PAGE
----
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How to Make Meringue

Learn how to make meringue with the easiest meringue making method, French meringue. French meringue is made with only two ingredients and is made without cream of tartar. This style of meringue is delicate, light and tender. Pin it for Later »

Meringue in a bowl after being whipped to stiff peaks

French Meringue Overview

  • Skill Level: Beginner
  • Techniques Used: Whipping egg whites to stiff peaks

French meringue is the simplest form of all the meringue techniques. It is made simply by beating egg whites with sugar and does not absolutely require cream or tartar or another acidic ingredient.

French meringue, also sometimes referred to as simple meringue, is used frequently for folding into cake batters like chiffon cake and angel food cake to create an incredibly light texture. It can also be piped into various shapes for cookies or dessert shells.

Because simple meringue is the least stable of all of the types of meringues, it should be used immediately. If not folded into a batter or baked soon after making, the egg whites can start to separate from the sugar.

Meringue on a whisk at stiff peaks

What is Meringue?

The most basic definition of meringue is egg whites beaten with sugar to stiff peaks. There are 3 types of meringue- French Meringue, Swiss Meringue, and Italian Meringue. Each type of meringue has its own method and best uses.

Meringue, or a sweetened egg white foam, is used in so many different baking and pastry components. Meringue can be folded into cake batters to lighten them. Meringue can be used as a topping for a pie or tart. Meringue can also be used all on its own as a delicate cookie or an impressive pavlova.

Meringue shaped into pavlova shells on a sheet pan

French Meringue Basics

In its most simple form, french meringue is made with only egg whites and super fine sugar. It is the simplest preparation of all the meringues and can be used as topping on pies, baked for meringue cookies, folded into sponge cake batters, or if you are feeling particularly skilled, use it to make french macarons.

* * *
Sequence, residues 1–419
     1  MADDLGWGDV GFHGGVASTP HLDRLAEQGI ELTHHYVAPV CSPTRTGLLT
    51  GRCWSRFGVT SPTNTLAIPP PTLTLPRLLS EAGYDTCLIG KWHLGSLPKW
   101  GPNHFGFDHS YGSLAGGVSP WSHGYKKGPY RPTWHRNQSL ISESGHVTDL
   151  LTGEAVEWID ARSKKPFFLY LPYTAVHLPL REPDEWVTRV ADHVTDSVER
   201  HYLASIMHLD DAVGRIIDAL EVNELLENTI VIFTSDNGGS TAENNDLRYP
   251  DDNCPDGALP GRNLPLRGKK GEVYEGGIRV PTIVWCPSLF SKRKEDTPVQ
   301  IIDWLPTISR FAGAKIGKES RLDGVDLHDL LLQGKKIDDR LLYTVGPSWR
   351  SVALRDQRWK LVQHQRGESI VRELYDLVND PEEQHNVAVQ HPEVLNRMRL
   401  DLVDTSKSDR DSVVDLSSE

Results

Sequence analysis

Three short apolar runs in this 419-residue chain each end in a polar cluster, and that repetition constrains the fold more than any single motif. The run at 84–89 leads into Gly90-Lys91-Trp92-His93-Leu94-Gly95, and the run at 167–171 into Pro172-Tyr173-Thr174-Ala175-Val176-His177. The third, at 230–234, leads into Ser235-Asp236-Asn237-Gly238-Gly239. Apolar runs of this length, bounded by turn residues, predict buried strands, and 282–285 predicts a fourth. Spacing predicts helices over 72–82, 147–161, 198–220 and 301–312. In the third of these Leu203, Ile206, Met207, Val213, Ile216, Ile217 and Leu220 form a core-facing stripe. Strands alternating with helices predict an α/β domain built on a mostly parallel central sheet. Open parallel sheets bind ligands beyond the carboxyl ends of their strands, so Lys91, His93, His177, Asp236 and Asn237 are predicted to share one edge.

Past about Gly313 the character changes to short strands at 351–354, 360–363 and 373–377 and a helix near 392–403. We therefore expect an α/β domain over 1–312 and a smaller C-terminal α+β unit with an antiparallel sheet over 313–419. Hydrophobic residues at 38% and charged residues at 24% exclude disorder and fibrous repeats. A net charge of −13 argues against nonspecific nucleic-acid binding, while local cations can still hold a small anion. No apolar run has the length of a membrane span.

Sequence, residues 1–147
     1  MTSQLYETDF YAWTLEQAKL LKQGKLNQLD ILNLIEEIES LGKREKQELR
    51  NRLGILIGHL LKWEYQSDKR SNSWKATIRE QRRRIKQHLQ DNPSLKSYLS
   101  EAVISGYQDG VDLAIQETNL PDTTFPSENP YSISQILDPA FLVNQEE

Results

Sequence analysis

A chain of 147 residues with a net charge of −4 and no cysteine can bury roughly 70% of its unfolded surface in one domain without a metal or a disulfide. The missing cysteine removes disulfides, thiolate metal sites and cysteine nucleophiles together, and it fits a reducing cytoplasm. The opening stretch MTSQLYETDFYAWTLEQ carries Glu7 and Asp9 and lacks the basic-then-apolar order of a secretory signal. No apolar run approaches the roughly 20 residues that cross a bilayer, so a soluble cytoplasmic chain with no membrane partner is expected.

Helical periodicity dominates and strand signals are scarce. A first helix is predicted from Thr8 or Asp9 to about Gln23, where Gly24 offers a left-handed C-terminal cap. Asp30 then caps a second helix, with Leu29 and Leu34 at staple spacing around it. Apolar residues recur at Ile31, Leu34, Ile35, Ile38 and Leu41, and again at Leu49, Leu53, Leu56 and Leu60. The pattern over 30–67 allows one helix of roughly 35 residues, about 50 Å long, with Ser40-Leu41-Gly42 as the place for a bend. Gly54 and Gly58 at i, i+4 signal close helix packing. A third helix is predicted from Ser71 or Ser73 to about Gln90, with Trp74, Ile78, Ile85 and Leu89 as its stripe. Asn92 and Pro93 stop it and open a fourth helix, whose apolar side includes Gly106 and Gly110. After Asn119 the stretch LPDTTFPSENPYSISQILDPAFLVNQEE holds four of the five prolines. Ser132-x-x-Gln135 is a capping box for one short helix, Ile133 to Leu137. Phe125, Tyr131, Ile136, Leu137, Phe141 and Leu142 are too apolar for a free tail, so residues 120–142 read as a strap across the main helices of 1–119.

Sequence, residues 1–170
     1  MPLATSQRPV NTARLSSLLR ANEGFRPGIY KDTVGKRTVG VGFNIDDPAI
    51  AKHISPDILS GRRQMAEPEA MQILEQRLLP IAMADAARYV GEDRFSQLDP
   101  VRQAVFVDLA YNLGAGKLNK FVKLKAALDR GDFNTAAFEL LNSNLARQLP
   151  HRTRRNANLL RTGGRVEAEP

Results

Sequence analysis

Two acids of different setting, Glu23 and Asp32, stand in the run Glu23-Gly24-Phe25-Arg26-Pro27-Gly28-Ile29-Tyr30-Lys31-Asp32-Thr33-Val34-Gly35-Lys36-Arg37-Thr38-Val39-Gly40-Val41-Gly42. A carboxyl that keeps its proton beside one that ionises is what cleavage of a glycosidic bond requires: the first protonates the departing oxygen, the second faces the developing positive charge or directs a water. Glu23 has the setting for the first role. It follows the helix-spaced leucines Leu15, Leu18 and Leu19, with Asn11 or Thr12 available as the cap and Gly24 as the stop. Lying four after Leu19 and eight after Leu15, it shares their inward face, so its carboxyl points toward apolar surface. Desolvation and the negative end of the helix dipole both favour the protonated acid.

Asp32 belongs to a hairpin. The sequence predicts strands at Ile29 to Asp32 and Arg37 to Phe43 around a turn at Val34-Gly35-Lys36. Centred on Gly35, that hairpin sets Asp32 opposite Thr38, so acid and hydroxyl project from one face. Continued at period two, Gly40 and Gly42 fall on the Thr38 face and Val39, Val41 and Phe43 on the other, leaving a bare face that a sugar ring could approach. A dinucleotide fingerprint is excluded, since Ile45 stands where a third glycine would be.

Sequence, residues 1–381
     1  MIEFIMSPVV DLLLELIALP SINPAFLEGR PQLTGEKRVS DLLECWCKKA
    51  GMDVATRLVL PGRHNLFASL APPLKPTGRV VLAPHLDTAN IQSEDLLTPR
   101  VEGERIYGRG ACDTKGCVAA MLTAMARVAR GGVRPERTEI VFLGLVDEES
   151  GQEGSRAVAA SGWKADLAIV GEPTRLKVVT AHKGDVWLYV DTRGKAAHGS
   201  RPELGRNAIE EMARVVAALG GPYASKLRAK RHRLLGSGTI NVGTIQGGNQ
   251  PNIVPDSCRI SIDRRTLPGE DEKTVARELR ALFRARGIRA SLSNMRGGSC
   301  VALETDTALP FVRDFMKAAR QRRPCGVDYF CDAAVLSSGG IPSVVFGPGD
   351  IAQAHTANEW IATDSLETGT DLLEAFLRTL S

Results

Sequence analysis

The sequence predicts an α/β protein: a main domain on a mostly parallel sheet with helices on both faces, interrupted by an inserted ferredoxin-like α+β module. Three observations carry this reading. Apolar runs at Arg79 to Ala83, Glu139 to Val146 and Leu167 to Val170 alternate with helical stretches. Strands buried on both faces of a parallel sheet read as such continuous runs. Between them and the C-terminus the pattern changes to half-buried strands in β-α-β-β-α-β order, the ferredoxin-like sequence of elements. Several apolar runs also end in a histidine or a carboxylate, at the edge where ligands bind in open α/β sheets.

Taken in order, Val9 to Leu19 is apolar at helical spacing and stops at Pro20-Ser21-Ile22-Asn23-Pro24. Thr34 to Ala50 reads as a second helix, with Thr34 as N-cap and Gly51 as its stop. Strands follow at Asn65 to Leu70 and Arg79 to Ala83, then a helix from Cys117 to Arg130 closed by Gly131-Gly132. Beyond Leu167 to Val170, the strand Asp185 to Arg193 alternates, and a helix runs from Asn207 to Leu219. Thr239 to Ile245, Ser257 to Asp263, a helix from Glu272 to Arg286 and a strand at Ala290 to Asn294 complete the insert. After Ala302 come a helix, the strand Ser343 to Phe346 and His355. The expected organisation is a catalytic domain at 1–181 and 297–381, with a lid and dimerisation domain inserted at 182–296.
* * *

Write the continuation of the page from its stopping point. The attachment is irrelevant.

The ratios of sugar to egg whites varies depending on how the meringue will be used. The lowest sugar ratio used is typically a 1:1 ratio of egg white to sugar by weight. The higher the ratio of sugar the more stable the meringue will be however it will taste much more sweet and if baked the texture is not as tender and melt-in-your-mouth.

If the meringue is being used as topping for pie you will want a more stable meringue where as if it is being baked for cookies less sugar can be used because the baking will set the meringue.

Meringue that has been baked and toasted

How to Make Meringue (the French Method)

Step 1: Make Superfine Sugar

In a food processor (or I use my Ninja blender), process the sugar until it is very fine. This takes about 2 minutes. You can buy superfine sugar if you can find it, but I think that’s kind of silly when it can so easily be made with what you have on hand.

Superfine sugar will dissolve more quickly into the whipped egg whites and leave you with a meringue that is not gritty.

Step 2: Measure your Ingredients

Depending on your final use for this meringue it may or may not be important to actually weigh your ingredients very accurately.

If you are using your meringue as a topping on a pie then the exact ratios for your meringue aren’t really as important as if you were going to fold it into a cake batter or for macarons.

Baking Science Fun Fact!: It is also very important here that you take extra care not to get any yolk in your egg whites. Egg whites are made up of about 90% water and 10% protein. When you whip egg whites the proteins unravel and create a sort of protein net that traps the air and stabilizes the foam.

If fat is present the bits of the protein that are attracted to fats (also known as hydrophobic) will associate themselves with those fats and will not be available to create the “net” to trap the air.

Separating egg whites from the yolks to make meringue with

Step 3: Bring the Egg Whites to Room Temperature

Egg whites will whip to their highest and most stable peaks when they are at room temperature or slightly warm, so it is important to give them time. If you are in a rush, you can put un-cracked eggs in a bowl of warm water for about 5 minutes to take the chill off.

I have also used packaged liquid egg whites to make this foam and they also worked, however because they are pasteurized, I had to beat for much much longer.

Egg whites in a bowl coming to room temperature to make meringue with

Step 4: Begin by Whipping Only the Egg Whites

Make sure that the bowl you are using is clean and free from oil and place just the egg whites in the bowl. You want to begin by whipping on a low speed which will allow the proteins to unravel and begin forming their network to trap the air bubbles.